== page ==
The Twin Cities region added 1,724 new affordable units in 2016, a modest increase from 1,613 new units in 2015, according to a just-released Council MetroStats report, A Step Forward: The Regional's 2016 Affordable Housing Production (4 pages, pdf). The new units are considered affordable, for example, for a family of four with an income of $51,480 or less.
Council officials call it “a step forward,” but with the following caveats:
Half of the new affordable units in 2016 were restricted to adults age 55 or older
Most of the new affordable units were affordable to the higher end of what is considered “low-income” households
The number of new units reflects only new or added affordable units, and does not reflect how many affordable units may have been lost.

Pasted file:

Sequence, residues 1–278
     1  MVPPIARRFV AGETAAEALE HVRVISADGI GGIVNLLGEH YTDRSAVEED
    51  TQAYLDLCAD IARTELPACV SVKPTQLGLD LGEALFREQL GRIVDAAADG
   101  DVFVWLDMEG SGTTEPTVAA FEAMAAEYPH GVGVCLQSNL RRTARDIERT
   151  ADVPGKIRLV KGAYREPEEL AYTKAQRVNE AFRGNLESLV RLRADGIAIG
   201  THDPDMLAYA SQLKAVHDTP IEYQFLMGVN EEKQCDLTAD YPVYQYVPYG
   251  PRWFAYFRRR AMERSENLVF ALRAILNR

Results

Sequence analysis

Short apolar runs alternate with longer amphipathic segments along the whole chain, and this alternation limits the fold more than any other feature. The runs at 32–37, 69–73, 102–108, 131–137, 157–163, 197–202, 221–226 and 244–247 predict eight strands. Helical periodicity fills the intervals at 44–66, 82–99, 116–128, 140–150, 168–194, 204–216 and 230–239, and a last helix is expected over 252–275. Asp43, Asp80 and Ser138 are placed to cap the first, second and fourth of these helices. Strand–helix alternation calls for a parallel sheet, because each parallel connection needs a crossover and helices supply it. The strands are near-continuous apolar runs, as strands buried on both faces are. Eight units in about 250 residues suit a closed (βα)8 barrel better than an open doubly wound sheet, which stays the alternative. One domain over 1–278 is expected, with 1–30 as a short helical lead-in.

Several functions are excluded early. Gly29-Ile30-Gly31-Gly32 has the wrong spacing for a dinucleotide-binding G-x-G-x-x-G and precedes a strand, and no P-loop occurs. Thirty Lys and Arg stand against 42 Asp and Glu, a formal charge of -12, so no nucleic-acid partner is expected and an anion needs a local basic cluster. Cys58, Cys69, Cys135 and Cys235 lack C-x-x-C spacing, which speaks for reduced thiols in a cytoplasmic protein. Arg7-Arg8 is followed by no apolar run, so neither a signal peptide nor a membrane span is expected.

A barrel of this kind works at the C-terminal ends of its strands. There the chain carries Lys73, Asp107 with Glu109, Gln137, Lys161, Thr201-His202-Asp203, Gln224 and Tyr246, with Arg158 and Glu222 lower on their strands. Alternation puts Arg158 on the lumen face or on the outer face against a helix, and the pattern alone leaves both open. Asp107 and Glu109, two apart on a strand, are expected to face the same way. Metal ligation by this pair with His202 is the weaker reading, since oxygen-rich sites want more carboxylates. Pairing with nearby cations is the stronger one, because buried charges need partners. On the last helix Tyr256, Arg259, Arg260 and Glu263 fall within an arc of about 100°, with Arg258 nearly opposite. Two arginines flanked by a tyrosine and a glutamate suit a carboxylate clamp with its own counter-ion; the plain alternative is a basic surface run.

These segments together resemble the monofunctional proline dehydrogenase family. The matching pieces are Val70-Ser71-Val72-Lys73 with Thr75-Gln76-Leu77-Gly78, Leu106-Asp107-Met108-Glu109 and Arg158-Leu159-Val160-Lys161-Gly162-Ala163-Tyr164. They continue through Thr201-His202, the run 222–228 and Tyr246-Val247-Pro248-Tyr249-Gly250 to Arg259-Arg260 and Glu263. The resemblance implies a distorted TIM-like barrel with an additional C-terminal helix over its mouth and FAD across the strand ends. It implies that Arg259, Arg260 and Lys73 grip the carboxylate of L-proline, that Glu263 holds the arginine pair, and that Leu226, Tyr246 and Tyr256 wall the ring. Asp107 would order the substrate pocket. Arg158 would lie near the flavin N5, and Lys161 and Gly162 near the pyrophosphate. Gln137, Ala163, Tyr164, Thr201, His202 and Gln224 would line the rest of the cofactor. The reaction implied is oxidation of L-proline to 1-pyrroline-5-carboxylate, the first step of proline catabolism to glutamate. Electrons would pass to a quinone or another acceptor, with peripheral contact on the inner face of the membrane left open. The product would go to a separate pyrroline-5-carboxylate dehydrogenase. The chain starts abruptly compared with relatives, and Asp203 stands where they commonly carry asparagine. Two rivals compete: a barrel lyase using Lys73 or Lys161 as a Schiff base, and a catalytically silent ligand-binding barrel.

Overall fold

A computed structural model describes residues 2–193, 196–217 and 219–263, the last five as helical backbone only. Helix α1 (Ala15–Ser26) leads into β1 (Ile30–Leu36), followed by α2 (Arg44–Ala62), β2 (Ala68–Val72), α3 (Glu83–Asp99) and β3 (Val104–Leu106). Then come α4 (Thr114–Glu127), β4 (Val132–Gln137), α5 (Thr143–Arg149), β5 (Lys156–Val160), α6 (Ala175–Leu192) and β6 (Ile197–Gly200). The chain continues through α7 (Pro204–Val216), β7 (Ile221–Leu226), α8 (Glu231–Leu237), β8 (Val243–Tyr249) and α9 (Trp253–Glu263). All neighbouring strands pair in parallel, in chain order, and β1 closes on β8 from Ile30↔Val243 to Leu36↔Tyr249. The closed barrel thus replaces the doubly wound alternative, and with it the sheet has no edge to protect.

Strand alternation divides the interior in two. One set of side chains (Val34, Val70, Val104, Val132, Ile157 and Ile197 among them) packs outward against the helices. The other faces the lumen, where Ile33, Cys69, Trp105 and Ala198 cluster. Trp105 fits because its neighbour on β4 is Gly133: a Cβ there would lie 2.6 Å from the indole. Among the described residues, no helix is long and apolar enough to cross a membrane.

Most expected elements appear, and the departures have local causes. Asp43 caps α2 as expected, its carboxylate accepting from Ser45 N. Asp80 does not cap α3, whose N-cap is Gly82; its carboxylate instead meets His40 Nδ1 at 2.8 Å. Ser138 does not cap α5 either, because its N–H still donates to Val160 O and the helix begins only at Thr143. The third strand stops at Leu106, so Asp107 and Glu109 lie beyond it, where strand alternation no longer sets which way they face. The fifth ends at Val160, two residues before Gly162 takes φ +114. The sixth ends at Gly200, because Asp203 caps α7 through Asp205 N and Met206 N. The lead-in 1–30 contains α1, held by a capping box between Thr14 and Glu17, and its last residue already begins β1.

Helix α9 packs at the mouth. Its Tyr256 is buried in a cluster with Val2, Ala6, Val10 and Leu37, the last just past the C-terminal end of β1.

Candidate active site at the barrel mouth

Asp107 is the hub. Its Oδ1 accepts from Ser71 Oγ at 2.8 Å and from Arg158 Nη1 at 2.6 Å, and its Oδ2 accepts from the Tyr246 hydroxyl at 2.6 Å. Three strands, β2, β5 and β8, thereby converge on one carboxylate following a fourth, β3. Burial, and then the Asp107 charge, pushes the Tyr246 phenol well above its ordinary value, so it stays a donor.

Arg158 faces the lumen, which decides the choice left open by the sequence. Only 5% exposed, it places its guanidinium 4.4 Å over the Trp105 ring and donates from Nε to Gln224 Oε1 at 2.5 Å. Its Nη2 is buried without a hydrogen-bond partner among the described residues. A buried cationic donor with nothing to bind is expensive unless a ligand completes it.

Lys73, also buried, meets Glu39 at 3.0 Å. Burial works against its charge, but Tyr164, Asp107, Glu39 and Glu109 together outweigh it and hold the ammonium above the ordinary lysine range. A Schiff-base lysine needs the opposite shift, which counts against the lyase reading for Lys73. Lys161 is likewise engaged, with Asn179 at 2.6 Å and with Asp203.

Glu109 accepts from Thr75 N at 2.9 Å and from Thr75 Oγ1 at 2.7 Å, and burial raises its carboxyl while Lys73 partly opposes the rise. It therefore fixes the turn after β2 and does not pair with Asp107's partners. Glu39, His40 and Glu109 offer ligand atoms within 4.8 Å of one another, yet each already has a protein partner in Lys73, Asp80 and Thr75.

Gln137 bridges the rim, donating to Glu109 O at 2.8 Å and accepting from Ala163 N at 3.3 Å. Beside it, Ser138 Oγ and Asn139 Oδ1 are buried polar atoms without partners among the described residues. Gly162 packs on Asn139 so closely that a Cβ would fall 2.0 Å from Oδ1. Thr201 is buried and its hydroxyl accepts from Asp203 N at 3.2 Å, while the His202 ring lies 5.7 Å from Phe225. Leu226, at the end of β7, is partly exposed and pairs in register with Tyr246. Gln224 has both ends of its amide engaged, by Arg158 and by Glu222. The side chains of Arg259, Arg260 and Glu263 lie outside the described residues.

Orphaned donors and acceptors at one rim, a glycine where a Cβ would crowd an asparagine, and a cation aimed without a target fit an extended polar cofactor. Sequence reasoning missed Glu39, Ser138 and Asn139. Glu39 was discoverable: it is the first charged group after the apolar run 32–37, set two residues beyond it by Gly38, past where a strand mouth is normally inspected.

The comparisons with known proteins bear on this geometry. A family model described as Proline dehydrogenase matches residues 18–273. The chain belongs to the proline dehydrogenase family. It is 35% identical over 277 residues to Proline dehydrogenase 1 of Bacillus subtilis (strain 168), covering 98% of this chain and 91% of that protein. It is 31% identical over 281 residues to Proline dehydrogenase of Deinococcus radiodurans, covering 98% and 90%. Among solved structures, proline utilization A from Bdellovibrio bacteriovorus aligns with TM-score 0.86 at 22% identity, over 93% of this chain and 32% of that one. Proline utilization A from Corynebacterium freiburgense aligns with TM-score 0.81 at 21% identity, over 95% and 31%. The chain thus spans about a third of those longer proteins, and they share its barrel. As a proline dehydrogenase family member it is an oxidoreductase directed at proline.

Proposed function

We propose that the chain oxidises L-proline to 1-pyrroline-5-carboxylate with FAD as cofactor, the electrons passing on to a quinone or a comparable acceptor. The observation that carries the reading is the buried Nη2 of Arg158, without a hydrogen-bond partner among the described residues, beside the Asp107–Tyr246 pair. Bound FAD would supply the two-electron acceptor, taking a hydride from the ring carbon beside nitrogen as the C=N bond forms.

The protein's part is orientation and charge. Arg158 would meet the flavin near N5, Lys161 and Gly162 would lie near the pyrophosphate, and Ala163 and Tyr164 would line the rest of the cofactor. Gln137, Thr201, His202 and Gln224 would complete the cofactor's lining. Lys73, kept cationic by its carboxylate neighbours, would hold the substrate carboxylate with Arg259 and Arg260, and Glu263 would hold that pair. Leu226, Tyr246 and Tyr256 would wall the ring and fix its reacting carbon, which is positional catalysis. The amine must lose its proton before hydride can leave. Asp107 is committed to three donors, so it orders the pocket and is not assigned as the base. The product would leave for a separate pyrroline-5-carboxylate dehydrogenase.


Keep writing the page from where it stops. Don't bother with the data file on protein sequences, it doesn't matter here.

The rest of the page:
The primary form of new affordable housing continues to be multifamily apartment buildings. In 2016, 94% of affordable units were renter-occupied. In fact, since 2010 most of the region's new residential construction has been multifamily rental units.
In contrast, most single-family homes added since 2011 are not affordable to lower-income households. Just over 4,100 single family detached homes were added in 2016, but only 92 were affordable.